As you might expect, Sea World and the San Diego Zoo are this city’s most popular tourist attractions, but can you name the No. 3 destination?
It’s Horton Plaza.
Don’t confuse it with the minuscule park that’s been a downtown focal point ever since Alonzo E. Horton laid out the “new” city of San Diego in 1867.
That Horton Plaza has lent its name to 6 1/2 square blocks that are the centerpiece for urban redevelopment in the heart of California’s second-largest city. Occupying those blocks is a dazzling center for shopping, dining and entertainment.
Jon Jerde, designer of the 1984 Los Angeles Olympic Games, has created a bizarre yet beguiling complex of 140 shops, galleries, eateries and theaters that opened three years ago. Last year more than 12 million people, one-third from out of town, visited Horton Plaza.
Surrounded by Lodgings
You can easily spend a day or more exploring the multilevel mall that’s also surrounded by lodgings, including the impressive Westgate, the landmark U.S. Grant and new Omni hotels.
Get to Horton Plaza from Los Angeles by driving south on Interstate 5 to San Diego’s Civic Center exit on Front Street. Follow it across Broadway and beneath the Federal Building to G Street, then turn left to the plaza parking entrance at 3rd Avenue.
It leads into one of two multistory garages that hold 2,400 cars. To help you find your car later, the parking levels are indicated by various fruits and vegetables. Bear left and spiral up to Corn, the uppermost covered floor (P-7).
Nearby exits from the garage open onto Plaza Level 3, the top story that presents views of the open-air complex. A first impression is that there is no order to the layout or architecture, but it’s going to be fun looking around.
If you need orientation, look for an information cart that has a map with a list of stores and services. Also pick up Horton Plaza’s monthly events brochure for special entertainment or attractions on the day of your visit.
One information cart shows a Food Court, fast-food shops with everything from sushi to French fries, yogurt and Greek gyros. You’ll be enticed into Claudia’s, where the smell of freshly baked cinnamon rolls is funneled from the oven to a sidewalk vent that’s above the heads of passers-by.
Finding your way around in a maze of walkways, stairs, ramps, escalators and bridges is an adventure in itself. As you wander, look for the design elements that are plaza features, creating the look of a European marketplace. Street vendors have carts full of merchandise, as a tile-covered facade of archways is copied after a building in Venice.
Replica gas-lamp street lights and Jessop’s Jewelers 1907 street clock represent another historic era. Also, there are abundant colorful flowers, banners and costumed characters that lend an amusement-park look to the plaza; in particular, the topiary trees shaped as dancing hippos are a la Disneyland.
Public art also is displayed, including a recent mural honoring the Stars & Stripes, winner of the America’s Cup recently in San Diego. Another is the multicolored obelisk with wildlife images representing water, earth and air.
That monument is partially below ground and marks the entrance to the Lyceum, a two-stage playhouse featuring performances by its resident professional acting company, the San Diego Repertory Theatre. On stage through Oct. 29 are “Glengarry Glen Ross” and “Heathen Valley.”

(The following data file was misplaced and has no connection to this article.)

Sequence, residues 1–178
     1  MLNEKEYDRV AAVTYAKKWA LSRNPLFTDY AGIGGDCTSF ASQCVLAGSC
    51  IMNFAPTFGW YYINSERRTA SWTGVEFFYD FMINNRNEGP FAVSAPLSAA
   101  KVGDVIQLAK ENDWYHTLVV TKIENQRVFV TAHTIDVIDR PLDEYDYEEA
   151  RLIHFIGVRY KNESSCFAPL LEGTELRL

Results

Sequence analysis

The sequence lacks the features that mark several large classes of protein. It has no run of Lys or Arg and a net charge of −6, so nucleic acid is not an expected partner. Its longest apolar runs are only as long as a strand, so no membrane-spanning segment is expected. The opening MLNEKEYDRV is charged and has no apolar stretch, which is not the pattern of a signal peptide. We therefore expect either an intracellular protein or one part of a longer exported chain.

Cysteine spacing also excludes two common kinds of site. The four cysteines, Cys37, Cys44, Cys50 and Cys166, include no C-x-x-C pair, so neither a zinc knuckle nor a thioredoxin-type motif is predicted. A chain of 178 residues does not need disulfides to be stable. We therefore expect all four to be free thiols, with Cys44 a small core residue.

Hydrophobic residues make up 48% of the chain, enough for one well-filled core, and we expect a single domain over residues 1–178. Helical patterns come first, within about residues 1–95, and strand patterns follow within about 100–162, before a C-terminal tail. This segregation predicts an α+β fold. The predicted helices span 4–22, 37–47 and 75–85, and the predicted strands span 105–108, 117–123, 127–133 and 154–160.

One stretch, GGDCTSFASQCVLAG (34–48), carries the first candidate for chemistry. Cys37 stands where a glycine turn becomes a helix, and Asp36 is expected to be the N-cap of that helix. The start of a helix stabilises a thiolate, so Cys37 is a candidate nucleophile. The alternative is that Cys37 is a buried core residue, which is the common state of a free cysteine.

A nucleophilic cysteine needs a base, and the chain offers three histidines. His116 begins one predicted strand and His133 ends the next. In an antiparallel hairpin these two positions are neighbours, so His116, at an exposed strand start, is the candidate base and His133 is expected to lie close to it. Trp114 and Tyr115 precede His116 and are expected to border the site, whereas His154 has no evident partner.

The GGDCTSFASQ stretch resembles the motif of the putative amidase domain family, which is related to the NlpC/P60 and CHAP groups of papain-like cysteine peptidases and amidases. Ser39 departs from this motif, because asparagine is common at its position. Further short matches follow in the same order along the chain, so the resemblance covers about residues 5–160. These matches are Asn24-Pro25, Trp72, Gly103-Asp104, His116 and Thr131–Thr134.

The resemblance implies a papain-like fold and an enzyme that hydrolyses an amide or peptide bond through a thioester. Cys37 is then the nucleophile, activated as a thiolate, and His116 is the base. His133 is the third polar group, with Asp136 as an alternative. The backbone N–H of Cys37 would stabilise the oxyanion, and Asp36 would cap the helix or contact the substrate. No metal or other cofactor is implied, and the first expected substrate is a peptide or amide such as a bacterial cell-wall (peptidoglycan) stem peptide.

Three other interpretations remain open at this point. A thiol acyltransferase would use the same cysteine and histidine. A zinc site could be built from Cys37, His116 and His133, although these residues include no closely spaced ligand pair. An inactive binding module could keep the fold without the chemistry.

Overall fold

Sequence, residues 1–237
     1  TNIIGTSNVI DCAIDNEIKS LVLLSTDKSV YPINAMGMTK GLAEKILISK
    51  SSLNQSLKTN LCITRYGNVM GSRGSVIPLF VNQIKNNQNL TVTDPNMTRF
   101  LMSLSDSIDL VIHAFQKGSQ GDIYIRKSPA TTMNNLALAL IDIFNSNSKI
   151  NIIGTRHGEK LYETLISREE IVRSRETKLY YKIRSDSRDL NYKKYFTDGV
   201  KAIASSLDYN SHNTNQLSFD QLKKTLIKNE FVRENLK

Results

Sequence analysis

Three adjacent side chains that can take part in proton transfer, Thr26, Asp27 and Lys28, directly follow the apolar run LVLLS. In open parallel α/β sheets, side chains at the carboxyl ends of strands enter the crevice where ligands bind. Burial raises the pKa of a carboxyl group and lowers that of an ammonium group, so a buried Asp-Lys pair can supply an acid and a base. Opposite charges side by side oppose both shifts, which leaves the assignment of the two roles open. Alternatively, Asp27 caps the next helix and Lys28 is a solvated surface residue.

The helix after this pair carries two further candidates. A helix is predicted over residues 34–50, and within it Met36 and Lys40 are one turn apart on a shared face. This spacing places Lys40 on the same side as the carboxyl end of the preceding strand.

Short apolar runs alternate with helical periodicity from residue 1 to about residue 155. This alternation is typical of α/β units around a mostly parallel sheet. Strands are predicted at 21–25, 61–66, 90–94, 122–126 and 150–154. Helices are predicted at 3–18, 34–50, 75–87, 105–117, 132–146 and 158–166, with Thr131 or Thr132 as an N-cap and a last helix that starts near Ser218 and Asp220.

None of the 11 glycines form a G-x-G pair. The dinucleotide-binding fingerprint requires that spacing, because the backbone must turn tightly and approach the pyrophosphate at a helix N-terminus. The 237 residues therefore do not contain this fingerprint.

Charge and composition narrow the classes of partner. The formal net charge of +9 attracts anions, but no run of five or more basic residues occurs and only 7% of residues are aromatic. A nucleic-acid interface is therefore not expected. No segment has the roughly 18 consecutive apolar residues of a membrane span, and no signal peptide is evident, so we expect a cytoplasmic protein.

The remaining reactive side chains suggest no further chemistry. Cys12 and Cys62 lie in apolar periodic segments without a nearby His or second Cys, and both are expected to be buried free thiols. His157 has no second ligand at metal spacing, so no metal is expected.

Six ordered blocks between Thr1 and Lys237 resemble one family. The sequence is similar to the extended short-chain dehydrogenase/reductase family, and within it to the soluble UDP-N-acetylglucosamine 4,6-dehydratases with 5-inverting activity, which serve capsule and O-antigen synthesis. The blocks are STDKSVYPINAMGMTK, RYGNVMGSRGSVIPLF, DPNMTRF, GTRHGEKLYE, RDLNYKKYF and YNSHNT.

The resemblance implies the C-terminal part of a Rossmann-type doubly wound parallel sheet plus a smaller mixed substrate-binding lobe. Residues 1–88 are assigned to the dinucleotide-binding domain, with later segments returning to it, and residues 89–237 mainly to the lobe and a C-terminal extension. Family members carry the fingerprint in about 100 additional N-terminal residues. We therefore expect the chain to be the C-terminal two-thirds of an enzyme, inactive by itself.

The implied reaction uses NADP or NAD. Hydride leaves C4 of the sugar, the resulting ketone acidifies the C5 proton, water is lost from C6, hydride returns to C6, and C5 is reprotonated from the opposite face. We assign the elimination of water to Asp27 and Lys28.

The plays are nightly except Monday at 8 p.m., with two shows Sunday at 2 and 7 p.m. Tickets cost $16 to $20. For information and reservations, call (619) 235-8025.
For family members who prefer films instead of plays, Horton Plaza’s upper-level movie theater offers seven screens with current Hollywood releases.
Every day from noon to 2 p.m. visitors can listen to musical entertainment, including country, Big Band, piano and jazz, on the Sports Deck (Plaza Level 2). Other music is scheduled most weekend afternoons as well as after 5 p.m. on Thursday and Friday.
On weekend afternoons also entertaining is a juggler, Joel Paris, who rides a unicycle around the plaza.
Of course, the great variety of stores is the major reason for visiting Horton Plaza, which was built at a cost of $140 million.
Along with four major department stores--Nordstrom, Robinson’s, The Broadway and Mervyn’s--you’ll come across such specialty shops as the Price of His Toys, an adult gadget emporium. Also Le Travel Store and Adventure 16’s Wild Horizons.
Storefronts are as different as the items within. Huge pins extend above the entrance to the Village Hat Shop, while a World War II jeep greets shoppers at Banana Republic. Children like to enter the Imaginarium through a small door.
Marie Callender’s has all-day dining (to 11 p.m.) on Plaza Level 3. That’s also where you’ll find the Panda Inn with Chinese dishes, and Harbor House, which has a French bistro featuring seafood and pasta, plus an English pub.
More refreshments and foods are at the 1950s soda fountain in Long’s Drugs and you can get deli items from Irvine Ranch Farmers Market, both at street level.
Eateries at Horton Plaza stay open into the evening. Shopping hours are Sundays from 11 a.m. to 6 p.m., all other days from 10 a.m. to 9 p.m. (except Saturdays to 6 p.m.). The office phone for Horton Plaza is (619) 239-8180.
Parking at Horton Plaza is free for the first three hours, afterward $1 an hour. If you arrive after 5 p.m., parking is free.
Round trip from Los Angeles to San Diego’s Horton Plaza is 260 miles.